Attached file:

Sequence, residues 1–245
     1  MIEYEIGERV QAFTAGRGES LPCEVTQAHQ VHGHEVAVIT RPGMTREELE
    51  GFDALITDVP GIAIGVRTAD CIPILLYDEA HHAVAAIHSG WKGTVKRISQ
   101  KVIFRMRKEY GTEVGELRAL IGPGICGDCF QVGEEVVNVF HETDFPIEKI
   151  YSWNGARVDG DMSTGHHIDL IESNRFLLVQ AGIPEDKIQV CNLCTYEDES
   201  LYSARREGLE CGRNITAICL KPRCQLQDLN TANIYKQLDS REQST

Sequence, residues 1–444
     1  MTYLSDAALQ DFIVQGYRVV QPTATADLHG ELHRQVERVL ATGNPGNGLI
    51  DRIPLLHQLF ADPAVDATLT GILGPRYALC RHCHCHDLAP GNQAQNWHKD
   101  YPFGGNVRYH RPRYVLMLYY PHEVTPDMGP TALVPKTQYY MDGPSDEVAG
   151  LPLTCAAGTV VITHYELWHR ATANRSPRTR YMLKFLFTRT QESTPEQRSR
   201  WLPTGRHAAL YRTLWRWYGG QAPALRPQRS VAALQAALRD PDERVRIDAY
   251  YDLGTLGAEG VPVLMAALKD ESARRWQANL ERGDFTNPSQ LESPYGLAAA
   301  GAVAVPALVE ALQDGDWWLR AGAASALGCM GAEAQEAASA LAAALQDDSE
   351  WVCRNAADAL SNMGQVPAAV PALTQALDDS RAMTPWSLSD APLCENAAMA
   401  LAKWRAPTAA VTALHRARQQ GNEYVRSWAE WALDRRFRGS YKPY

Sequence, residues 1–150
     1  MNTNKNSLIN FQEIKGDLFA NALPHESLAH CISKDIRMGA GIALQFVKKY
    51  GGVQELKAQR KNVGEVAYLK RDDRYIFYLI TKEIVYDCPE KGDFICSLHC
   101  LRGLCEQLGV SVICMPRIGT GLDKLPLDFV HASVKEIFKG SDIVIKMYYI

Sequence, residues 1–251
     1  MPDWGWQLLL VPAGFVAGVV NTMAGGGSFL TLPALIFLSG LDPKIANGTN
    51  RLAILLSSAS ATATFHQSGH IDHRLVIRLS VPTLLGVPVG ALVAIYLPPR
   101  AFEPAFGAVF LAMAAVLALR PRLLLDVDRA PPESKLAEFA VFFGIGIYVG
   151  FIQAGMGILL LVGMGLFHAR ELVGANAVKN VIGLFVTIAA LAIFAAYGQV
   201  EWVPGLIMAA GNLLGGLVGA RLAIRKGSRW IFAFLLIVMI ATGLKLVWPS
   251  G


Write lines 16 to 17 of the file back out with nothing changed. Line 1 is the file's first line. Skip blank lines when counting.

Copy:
   401  LAKWRAPTAA VTALHRARQQ GNEYVRSWAE WALDRRFRGS YKPY

Sequence, residues 1–150